South African comedian Trevor Noah’s life story doesn’t immediately scream comedy. His standup explores his complicated relationship with racial identity, having grown up mixed race in apartheid-era South Africa, where neither his black mother nor white father were allowed to acknowledge their relationship with him in public.
He was a major hit at the Edinburgh Fringe Festival last summer, and now his first American solo show, Born a Crime, has just extended its run in New York through the end of June. It’s not his first time in the States — he appeared on The Tonight Show last year, and toured the country with Gabriel Iglesias. I recently sat down with him in New York to talk about African comedy and why he doesn’t set goals.
How long have you been doing this show?
Well, this is a different version of it, but technically I’ve been doing it for the last six months. Let me think. Not really. I did six weeks at the Soho [Theatre] in London, and then four weeks in Australia, and now I’m doing it here.
So the show you did in Edinburgh last year was a totally different show?
That’s when I was just working on a show. I had no show. I had no idea what I was doing, so that was just the beginning. It was an hour of me working through a show, which still worked well.
How much has the show changed since you started doing it in the UK?
It changes everywhere I go. In the UK, for instance, I was doing an hour show, so at least the first 25 minutes was just UK stuff. And the same goes for Australia, the first 25 was Australian stuff. And then in New York, I’m slowly finding it. There’s things I’m doing here that are only US.
A lot of the show is about how you perceived race in the US. I didn’t know if you did that all over the world.
The core story is the same, but then everything around it can change, which I enjoy because then I don’t get bored of the show. I get to change everything everywhere I go. But really, it’s an introductory show. So if you’re watching it for the first time, you get to know who I am and where I’m from and a bit of my story. But then everything around it is constantly evolving. I never believe a show is perfect, so there’s always work to be done within that.
You’ve been sort of taken under Eddie Izzard’s wing.
Yeah. Eddie was kind enough to present me in London and in Edinburgh. It was fantastic, it just gave me just a little leg up. He’s always been a fan of global comedy, comedy traveling the world, so I guess this is a natural relationship. I helped him come to South Africa and then he’s helped me go into the UK.
Are you interested in following in his footsteps, doing mega tours around the world?
I’m not so much a fan of the grand scale of comedy. I don’t like big comedy. I love intimate comedy, so I don’t see myself performing in arenas. I don’t like arenas. I made the mistake in South Africa, after doing a long run, to try and accommodate demand, we did arenas at the end, and I didn’t enjoy it. There’s just too many people. It’s just not what I like. I don’t think comedy out of a theater should ever be where I need to be. I always want to keep it in a theater, and that’s probably where I’ll stay and I enjoy it.
What was it like coming up in South Africa? I think most people here really don’t know anything about the comedy scene there.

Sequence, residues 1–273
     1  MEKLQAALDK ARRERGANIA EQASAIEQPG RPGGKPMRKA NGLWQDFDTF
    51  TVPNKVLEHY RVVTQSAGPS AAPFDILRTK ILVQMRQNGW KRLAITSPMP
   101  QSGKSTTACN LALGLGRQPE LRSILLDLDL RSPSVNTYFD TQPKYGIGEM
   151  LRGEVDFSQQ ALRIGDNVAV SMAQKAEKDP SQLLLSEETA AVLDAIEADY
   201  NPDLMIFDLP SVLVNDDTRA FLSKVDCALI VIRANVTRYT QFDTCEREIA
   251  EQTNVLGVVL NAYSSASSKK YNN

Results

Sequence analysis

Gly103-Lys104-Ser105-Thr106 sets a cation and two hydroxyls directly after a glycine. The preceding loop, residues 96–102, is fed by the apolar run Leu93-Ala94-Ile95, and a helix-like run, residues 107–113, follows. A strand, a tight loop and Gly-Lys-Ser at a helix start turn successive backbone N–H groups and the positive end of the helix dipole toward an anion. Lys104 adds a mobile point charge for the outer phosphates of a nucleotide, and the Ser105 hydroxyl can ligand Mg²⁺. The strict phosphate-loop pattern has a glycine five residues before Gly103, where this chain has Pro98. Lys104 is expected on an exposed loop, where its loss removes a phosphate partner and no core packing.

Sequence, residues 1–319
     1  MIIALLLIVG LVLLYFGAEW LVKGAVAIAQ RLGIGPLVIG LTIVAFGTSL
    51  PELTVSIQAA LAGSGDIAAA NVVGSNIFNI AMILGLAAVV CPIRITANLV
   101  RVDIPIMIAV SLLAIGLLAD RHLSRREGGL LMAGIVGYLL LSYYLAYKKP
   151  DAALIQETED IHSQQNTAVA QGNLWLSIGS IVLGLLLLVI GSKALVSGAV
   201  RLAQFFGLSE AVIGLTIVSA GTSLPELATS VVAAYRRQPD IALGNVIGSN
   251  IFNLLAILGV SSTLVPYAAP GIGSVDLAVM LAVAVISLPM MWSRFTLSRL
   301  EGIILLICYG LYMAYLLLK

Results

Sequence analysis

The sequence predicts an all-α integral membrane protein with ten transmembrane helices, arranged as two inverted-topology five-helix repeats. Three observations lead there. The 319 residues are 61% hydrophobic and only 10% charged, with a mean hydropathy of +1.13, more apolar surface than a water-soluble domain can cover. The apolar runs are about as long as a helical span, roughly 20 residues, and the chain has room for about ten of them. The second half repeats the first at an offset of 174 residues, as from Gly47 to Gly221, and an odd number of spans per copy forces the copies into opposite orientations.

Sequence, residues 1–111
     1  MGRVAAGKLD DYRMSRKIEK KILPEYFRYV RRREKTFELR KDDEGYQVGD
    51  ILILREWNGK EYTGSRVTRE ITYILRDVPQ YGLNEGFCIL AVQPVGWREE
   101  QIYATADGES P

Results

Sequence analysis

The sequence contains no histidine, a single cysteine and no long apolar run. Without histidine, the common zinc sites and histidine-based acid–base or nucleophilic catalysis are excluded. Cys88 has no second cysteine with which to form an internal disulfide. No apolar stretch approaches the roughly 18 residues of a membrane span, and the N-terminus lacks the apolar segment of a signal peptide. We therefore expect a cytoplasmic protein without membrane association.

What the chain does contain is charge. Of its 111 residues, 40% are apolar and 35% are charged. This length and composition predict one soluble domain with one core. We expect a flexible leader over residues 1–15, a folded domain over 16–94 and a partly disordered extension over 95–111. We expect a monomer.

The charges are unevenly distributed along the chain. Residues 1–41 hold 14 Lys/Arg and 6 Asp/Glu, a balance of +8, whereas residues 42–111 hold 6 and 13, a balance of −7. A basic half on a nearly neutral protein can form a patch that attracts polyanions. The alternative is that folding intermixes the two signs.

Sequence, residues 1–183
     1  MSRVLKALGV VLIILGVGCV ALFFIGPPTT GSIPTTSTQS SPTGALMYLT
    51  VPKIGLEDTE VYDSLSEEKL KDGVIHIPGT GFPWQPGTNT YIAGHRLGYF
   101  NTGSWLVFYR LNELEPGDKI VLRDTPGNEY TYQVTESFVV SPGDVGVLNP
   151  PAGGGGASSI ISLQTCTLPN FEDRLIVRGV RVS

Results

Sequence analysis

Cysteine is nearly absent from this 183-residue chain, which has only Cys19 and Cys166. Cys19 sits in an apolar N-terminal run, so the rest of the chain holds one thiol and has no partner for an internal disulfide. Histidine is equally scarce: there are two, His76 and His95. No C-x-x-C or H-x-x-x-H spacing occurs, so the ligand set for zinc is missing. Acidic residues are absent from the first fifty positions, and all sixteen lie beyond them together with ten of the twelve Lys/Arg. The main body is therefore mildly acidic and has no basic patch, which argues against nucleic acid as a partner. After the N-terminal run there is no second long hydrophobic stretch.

Well, it’s a very weird scene. It legitimately started about 13 years ago. There were a few guys doing it, really a few, and they did really well. They got the thing up in the country, they got it started, and slowly but surely more people started getting into it. I was sort of in the second wave of comedians that did it, and we were lucky. When I started doing it, we were able to take it more into the mainstream and make it more of an everyman’s thing, a popular entertainment destination, and so it’s really been growing at a great rate. It’s still a very young industry. We have one club in Johannesburg, and I think they’re gonna try and open a few more, but for now, it’s really just rooms everywhere.
Was there ever an underground comedy scene in South Africa?
No, there never was. It literally came about after democracy. It’s hard to make a rebellious scene when your audience can’t come out. You can try and do your little hipster thing in the corner, but if people can’t come out or they’ll get arrested, then you’re wasting your time. So until democracy started, there couldn’t really be any sort of movements towards comedy.
You also talk in your show about doing comedy around Africa, which is fascinating. There must be even less of a scene in other parts of Africa.
Yeah, it’s insane. In most places, there is no scene. There’s literally no scene. Africa’s very conservative, as a whole, so the idea of guys getting up and just speaking about everything is really not embraced fully in many places. You will come up against many obstacles. I would dare to say South Africa has the most liberal comedy scene on the continent. We have comedians talking about anything and everything – sex, religion, government, whatever it is. Whereas you go to Nigeria, you can’t talk about sex, you can’t really talk about the government. They have one the biggest scenes, but you still have to be very conservative. And then in some places the conservative levels just skyrocket to the point where people are just making very basic jokes, almost internet jokes, on stage. But comedy has to have a natural evolution, and I think that’s just the beginning. It will grow as time goes.